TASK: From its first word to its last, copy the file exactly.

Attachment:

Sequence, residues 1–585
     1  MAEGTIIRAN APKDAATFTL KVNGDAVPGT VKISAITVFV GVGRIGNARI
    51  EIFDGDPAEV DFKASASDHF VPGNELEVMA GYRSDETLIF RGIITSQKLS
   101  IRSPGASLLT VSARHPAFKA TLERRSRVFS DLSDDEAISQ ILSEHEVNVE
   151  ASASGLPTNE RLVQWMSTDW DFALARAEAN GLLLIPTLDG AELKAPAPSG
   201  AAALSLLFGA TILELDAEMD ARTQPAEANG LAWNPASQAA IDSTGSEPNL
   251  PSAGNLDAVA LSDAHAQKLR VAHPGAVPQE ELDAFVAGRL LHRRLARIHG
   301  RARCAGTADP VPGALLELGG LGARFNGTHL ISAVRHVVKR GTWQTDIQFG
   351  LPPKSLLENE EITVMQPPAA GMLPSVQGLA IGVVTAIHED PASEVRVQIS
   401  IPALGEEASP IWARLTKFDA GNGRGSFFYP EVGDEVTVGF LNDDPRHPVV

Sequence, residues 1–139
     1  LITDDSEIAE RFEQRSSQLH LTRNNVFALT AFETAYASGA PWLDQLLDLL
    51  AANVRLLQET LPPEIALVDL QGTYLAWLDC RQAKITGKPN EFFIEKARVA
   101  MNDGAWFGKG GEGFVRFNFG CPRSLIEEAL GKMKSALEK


Sequence, residues 1–585
     1  MAEGTIIRAN APKDAATFTL KVNGDAVPGT VKISAITVFV GVGRIGNARI
    51  EIFDGDPAEV DFKASASDHF VPGNELEVMA GYRSDETLIF RGIITSQKLS
   101  IRSPGASLLT VSARHPAFKA TLERRSRVFS DLSDDEAISQ ILSEHEVNVE
   151  ASASGLPTNE RLVQWMSTDW DFALARAEAN GLLLIPTLDG AELKAPAPSG
   201  AAALSLLFGA TILELDAEMD ARTQPAEANG LAWNPASQAA IDSTGSEPNL
   251  PSAGNLDAVA LSDAHAQKLR VAHPGAVPQE ELDAFVAGRL LHRRLARIHG
   301  RARCAGTADP VPGALLELGG LGARFNGTHL ISAVRHVVKR GTWQTDIQFG
   351  LPPKSLLENE EITVMQPPAA GMLPSVQGLA IGVVTAIHED PASEVRVQIS
   401  IPALGEEASP IWARLTKFDA GNGRGSFFYP EVGDEVTVGF LNDDPRHPVV

Sequence, residues 1–139
     1  LITDDSEIAE RFEQRSSQLH LTRNNVFALT AFETAYASGA PWLDQLLDLL
    51  AANVRLLQET LPPEIALVDL QGTYLAWLDC RQAKITGKPN EFFIEKARVA
   101  MNDGAWFGKG GEGFVRFNFG CPRSLIEEAL GKMKSALEK